The Cheeses of Our Lives

Having been raised in a lower economic region in the state of Kentucky, I count myself truly blessed that I have been able to rise up and travel to many countries and see other cultures from around the world. In fact, my first taste of cheese was most likely that of “government cheese” issued to families below the poverty line and, according to, “consists of a variety of cheese types and other ingredients such as emulsifiers blended together and may be made of any of cheddar, Colby cheese, cheese curd or granular cheese.”

Even from my humble origins, I always liked cheese and thought it a great luxury to sometimes order slices of American, cheddar or Colby myself from my neighborhood “mom-and-pop” grocer, whose entire family lived above their small corner store. But my voyage — in school, work and life — has led me to broaden my horizons. Going from Kentucky to study at a university in upstate New York quickly opened my eyes to the plethora of cheeses imported into the country and produced by artisans all around the U.S. And after college ended, my first trip outside of the country was to England, where I was introduced to the great nuances of Stiltons and the soft cheeses from Bath.

Over the years, through experiences at domestic and international food shows, business travel and holidays, I have had the pleasure of being further introduced to cheeses from all corners of the globe: Manchego cheese from Spain, Gouda on the banks of Amsterdam, Époisses on the Champs Élysées in Paris, and soft burratas from the south of Italy, just to name a few.

I think of these experiences as I drive back from dropping my eldest child, a daughter, off at college. I remember her as a young girl enjoying grilled cheese sandwiches and macaroni and cheese and, as she grew, her tastes expanded to being a young cheese connoisseur herself, preferring warmed brie with jam and crackers as a snack instead of the junk food many of her friends eat.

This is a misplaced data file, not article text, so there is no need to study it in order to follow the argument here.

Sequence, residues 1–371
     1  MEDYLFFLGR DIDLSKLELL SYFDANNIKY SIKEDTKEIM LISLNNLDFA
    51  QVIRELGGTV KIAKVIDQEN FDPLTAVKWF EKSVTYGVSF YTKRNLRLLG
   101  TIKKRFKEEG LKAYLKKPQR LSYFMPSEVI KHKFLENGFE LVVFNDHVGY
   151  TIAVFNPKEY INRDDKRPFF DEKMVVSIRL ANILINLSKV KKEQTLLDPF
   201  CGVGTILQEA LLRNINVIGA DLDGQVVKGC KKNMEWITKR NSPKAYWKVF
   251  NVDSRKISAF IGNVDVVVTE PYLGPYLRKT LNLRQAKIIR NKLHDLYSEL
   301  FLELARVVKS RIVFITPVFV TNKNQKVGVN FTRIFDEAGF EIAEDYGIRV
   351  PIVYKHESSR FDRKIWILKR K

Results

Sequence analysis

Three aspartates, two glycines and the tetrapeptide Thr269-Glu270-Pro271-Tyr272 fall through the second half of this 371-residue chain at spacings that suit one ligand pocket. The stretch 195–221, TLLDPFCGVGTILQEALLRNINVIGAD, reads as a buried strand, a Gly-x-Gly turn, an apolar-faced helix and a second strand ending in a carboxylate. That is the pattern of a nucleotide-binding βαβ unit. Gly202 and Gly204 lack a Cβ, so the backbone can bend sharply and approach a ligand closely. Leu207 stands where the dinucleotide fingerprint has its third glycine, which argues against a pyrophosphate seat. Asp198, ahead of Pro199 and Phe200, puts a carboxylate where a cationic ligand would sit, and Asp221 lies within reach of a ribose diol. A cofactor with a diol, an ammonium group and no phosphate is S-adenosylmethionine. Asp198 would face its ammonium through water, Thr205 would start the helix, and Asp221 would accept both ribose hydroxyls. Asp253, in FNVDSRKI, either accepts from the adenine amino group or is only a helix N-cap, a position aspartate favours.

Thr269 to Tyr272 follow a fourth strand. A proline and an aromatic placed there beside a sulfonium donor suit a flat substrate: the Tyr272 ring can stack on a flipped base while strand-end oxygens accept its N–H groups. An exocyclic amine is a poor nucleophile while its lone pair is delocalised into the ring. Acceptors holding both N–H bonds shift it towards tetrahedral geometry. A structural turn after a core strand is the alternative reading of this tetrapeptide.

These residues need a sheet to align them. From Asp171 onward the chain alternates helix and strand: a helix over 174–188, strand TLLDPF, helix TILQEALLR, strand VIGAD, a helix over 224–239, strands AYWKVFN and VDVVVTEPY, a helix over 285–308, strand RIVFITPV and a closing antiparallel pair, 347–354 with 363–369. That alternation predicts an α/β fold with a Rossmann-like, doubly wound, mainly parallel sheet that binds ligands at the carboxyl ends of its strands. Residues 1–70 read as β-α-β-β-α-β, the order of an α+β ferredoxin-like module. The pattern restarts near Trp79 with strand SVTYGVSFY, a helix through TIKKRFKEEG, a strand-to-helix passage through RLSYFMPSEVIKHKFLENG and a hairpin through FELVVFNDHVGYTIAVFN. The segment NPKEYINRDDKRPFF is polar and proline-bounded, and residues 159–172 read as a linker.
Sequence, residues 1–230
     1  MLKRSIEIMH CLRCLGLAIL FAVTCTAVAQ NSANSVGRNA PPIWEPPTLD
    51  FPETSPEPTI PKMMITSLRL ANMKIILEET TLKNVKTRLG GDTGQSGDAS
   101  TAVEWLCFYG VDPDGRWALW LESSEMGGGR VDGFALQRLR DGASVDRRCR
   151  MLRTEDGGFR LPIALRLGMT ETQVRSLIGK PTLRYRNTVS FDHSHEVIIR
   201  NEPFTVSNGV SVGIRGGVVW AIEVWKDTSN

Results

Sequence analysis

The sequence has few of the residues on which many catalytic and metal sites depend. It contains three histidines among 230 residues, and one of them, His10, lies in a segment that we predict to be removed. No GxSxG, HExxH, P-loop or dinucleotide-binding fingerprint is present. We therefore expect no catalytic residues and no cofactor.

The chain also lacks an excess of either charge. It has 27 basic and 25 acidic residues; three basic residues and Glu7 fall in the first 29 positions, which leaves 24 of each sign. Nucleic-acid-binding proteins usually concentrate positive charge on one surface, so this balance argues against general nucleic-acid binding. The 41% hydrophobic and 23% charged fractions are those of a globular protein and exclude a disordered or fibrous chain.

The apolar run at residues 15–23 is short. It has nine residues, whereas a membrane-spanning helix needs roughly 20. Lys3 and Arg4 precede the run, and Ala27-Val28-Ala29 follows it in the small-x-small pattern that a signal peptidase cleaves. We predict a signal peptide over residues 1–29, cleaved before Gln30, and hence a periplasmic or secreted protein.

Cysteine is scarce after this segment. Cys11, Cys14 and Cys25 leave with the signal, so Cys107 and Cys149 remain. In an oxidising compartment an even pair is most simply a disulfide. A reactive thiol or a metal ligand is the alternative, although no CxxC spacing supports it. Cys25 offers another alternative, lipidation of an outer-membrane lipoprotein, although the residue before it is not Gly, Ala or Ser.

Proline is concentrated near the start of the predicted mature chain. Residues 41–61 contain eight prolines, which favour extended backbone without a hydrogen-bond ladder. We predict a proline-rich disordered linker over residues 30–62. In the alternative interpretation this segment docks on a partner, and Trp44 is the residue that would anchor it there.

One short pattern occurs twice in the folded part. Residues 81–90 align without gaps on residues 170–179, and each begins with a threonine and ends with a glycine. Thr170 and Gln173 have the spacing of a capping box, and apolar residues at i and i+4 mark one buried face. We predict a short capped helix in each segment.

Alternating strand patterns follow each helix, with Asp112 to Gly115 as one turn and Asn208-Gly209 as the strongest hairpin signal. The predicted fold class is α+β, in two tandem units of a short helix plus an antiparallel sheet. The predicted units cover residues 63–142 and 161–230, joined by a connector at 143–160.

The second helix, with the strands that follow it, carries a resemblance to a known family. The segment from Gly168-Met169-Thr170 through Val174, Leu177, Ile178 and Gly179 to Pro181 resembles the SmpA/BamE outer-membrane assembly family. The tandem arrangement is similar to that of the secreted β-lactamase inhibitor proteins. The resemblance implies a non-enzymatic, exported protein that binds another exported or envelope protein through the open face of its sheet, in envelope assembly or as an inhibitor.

As she dives into the college experience, I imagine she will learn so much, not just from classes, but through her dormmates and friends, where they might prepare specialty cheese with just the right crackers and accompaniments during get-togethers. She will travel, too, and maybe find friends from cheese-producing states such as Vermont, Wisconsin, Oregon or California, or even abroad. And she might visit their homes and their cities and, at each place, expand her horizons. The tastes, flavors and smells of the countless specialty cheeses I’ve sampled are now part of my life, all enriching and an important part of me. As my daughter begins her journey, I wish her every success, of course, and I hope she knows that it is okay to sample great cheeses wherever she goes and keep the joys of eating those specialty cheeses with people she cares about as great memories wherever she may be.

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